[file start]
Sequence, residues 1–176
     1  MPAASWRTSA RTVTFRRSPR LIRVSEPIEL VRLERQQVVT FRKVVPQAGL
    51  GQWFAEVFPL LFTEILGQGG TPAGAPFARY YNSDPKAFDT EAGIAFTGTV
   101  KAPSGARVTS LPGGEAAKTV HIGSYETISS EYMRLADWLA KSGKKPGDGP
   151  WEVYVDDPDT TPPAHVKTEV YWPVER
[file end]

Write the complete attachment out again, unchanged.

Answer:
Sequence, residues 1–176
     1  MPAASWRTSA RTVTFRRSPR LIRVSEPIEL VRLERQQVVT FRKVVPQAGL
    51  GQWFAEVFPL LFTEILGQGG TPAGAPFARY YNSDPKAFDT EAGIAFTGTV
   101  KAPSGARVTS LPGGEAAKTV HIGSYETISS EYMRLADWLA KSGKKPGDGP
   151  WEVYVDDPDT TPPAHVKTEV YWPVER